PPGA 500B: Economics for Public Policy (Part 2) (New for 2023!)

PPGA 500b is the second half of the Masters of Public Policy and Global Affair program’s economics sequences. It focuses on macroeconomic models and concepts useful for policy analysis, including production, wealth, inequality, money, and the financial system. We also discuss a number of economic policy frameworks, such as growth, monetary policy, business cycles, and trade. The emphasis of this course is on understanding the macroeconomic implications of policy, and how models can help us better understand those effects.

Older Courses Taught

These are older courses, which I am no longer actively teaching (although I miss them!).

ECON 421: Introduction to Game Theory and Applications

This course (ECON 421) is actually the “advanced” game theory course we offer at UBC. Intended for economics majors, particularly those intended on going to graduate school, it is an introduction to the game theoretic approach to modeling economic situations. This course focuses on important areas in strategic thinking, including static games, dynamic games, and the role of information and beliefs. This course is relatively technical (read: math), but places an emphasis on modeling real-world situations (and case studies), with the goal of developing students who are fluent in the “language” of game theory.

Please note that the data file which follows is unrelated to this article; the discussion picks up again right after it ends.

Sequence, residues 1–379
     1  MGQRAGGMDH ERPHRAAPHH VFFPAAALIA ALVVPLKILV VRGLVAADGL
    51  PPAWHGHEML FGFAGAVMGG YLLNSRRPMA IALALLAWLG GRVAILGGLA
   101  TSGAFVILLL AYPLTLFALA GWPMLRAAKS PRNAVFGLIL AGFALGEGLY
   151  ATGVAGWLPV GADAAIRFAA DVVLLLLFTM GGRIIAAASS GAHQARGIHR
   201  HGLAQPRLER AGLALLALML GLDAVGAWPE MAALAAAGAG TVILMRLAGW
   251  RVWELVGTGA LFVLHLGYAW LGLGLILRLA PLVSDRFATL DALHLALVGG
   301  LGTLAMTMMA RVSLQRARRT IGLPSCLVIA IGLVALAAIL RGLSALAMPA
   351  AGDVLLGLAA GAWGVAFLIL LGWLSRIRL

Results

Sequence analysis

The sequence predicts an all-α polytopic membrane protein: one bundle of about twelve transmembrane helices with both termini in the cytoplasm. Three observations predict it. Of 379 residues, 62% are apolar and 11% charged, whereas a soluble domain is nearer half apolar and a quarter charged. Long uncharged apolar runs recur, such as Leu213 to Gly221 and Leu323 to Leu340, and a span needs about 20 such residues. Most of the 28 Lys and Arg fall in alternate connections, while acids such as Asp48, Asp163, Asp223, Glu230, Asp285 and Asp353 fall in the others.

• If you are wondering how technical your background needs to be, here is an example of the “pre-class” assignment I give to students, to give them a sense of how challenging the math is this course might be.

ECON 406: Topics in Microeconomics

This course (ECON 406) is a “topics” class, where we cover a selection of subjects. I (usually) use this course as a way to pilot new course ideas. Past subjects have included markets and information, causal models, microeconometrics, advanced game theory, and policy evaluation.

Vancouver Summer Program: International Trade and Finance

This course is part of the Vancouver Summer Programs, as one of the units in the Faculty of Arts. It introduces students to the characteristics of the international economy, focusing on understanding the principles of international trade and international financial markets. This course will give students a full grounding in the structure and function of international trade in the global economy.  The focus will be on the world trading system, but many specific examples will be given describing the experience of particular countries and regions. The course will also survey the main features of international financial markets, including the workings of the foreign exchange market, and how they break down.

(Last updated: 2024-01-17)